Smoke fired large ceramic waked and enhanced with Japanese vegetal lacquer and pure gold by french artist Karen SwamiContact gallery for price
About Karen Swami
French ceramicist Karen Swami's work has garnered the steady appreciation of international critics and collectors for its elegant simplicity and textured skins. Her nom d’artiste “Swami” is a phonetic adaptation of her maiden name, Souhami, and refers to a spiritual or religious teacher in Sanskrit. As for the inspirations behind her body of work, they range from ancient Egyptian Nagada vases to Japanese ceramic traditions to the work of her contemporary peers including Alev Ebüzziya Siesbye and Magdalene Odundo among others.
Working between Paris and Brittany, Swami has been drawn to the tactile and visual experience of clay since her early childhood. It was not until 2009 that she chose to dedicate her life to mastering ceramic techniques. In 2010 Swami received her certificate of professional competence in pottery. As she pursues her study of the material through ongoing experimentations at her studio, the artist has since developed an extensive body of work involving various time-honored techniques picked up from ceramic traditions from around the world. Swami embraces the beautiful and poetic imperfections resulting from controlled incidents and weaknesses inherent to the materials. Her work is deeply informed by the natural characteristics of the Earth; from the surface down to its deeper stratus. Swami mimics the parched, cracked and fractured textures found in nature, enabling and emphasizing injured, layered surfaces.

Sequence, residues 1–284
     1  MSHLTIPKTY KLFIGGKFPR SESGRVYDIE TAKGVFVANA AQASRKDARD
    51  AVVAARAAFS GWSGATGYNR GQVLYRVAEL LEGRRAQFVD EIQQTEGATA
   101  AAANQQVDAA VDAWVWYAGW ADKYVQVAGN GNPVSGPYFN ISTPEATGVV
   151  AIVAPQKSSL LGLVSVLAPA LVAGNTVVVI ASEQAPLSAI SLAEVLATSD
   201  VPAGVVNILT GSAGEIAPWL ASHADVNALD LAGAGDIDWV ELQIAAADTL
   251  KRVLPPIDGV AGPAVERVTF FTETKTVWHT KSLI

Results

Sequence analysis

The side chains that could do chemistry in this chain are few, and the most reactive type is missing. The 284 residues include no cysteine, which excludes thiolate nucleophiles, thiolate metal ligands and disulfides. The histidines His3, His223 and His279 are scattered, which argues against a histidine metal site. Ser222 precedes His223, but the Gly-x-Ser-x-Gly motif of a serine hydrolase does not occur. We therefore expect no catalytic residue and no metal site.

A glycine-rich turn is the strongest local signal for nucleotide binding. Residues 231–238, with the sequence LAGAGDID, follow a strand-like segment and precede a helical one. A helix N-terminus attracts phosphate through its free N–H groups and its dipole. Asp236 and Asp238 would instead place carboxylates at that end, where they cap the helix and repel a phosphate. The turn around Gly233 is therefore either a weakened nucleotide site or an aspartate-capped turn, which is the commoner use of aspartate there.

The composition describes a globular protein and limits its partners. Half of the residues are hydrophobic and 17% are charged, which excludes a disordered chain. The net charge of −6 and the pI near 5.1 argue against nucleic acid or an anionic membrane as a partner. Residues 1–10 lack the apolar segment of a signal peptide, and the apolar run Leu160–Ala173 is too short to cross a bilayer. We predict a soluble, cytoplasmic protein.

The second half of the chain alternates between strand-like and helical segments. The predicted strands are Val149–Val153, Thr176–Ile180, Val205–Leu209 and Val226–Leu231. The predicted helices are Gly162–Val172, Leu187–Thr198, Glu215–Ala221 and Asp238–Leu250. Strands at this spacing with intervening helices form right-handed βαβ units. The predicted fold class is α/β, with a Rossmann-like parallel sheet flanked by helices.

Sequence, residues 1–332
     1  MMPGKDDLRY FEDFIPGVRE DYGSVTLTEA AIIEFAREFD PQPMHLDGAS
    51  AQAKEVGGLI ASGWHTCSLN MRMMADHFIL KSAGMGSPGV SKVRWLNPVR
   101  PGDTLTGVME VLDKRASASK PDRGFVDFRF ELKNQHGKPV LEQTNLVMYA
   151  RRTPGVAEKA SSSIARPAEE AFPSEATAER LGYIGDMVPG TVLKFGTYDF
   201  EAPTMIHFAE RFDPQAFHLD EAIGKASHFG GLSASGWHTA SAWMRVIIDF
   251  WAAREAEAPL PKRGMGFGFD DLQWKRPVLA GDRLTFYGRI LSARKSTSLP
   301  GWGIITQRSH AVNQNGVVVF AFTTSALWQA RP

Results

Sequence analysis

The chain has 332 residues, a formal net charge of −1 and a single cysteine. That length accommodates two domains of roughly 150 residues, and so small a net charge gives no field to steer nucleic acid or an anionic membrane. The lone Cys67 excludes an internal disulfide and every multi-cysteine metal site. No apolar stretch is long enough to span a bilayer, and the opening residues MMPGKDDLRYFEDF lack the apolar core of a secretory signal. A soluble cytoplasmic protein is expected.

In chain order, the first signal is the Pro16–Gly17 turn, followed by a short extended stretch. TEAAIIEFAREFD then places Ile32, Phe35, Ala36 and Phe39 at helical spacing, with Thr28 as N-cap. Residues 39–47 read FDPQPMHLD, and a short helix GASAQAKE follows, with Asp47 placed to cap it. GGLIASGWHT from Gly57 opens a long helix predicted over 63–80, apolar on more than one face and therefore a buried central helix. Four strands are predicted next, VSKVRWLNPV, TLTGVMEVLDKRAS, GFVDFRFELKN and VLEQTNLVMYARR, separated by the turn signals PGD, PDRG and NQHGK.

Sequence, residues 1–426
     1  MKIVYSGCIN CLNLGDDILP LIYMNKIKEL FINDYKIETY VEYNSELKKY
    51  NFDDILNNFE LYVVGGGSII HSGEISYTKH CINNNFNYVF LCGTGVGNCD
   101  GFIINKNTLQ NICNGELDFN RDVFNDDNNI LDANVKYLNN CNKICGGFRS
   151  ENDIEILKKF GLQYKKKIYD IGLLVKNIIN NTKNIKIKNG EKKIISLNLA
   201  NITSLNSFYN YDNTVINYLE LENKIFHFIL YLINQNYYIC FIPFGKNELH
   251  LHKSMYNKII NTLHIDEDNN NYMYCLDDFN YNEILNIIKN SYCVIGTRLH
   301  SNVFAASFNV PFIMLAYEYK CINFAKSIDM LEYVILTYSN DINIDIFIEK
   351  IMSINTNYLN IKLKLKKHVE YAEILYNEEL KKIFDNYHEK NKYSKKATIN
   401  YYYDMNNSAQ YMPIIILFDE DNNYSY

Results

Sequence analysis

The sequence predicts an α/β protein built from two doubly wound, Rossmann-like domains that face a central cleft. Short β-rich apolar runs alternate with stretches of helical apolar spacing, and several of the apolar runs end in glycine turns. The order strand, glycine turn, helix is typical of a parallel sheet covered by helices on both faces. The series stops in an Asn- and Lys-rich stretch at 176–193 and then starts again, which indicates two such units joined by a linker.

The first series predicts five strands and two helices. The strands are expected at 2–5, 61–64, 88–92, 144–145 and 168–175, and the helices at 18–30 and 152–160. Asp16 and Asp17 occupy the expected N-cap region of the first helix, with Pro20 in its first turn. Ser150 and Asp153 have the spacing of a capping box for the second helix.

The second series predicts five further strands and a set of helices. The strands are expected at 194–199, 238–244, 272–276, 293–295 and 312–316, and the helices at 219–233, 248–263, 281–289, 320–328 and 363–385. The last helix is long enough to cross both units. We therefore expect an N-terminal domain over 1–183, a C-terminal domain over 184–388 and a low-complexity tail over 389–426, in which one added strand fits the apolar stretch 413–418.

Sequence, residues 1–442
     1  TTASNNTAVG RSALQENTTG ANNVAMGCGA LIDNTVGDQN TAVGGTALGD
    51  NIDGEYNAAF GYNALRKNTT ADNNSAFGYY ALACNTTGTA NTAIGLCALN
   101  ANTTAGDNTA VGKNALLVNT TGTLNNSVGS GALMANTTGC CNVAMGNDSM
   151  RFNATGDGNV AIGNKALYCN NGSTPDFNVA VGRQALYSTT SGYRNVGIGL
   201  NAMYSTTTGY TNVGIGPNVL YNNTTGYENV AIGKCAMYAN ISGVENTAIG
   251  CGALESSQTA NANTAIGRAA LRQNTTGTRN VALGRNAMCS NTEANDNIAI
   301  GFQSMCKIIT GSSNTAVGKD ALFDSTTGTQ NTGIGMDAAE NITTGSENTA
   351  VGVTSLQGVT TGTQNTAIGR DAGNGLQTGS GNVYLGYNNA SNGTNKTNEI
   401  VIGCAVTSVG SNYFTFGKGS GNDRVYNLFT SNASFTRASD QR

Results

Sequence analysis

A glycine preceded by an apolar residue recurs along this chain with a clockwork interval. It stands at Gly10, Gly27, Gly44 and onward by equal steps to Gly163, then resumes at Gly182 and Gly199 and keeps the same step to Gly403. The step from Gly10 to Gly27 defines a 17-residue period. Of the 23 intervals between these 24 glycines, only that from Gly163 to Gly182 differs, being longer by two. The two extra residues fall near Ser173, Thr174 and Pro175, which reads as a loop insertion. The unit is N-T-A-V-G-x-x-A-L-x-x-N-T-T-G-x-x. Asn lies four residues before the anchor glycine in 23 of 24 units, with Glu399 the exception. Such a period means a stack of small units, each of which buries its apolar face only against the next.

The particularity of her work results from the convergence of time-honored techniques from different parts of the world; the cobalt blue or celadon-green glazes reveal deep layers of nuanced colors and the simple shapes of her works are reminiscent of Asian and Hellenistic ceramics dating back to the ancient dynasties. To create her unique finish, Swami burnishes each piece with an agate stone, they are then bisque-fired, smoked, waxed, then re-worked often with Urushi lacquer and pure gold in the traditional Japanese Kintsugi technique.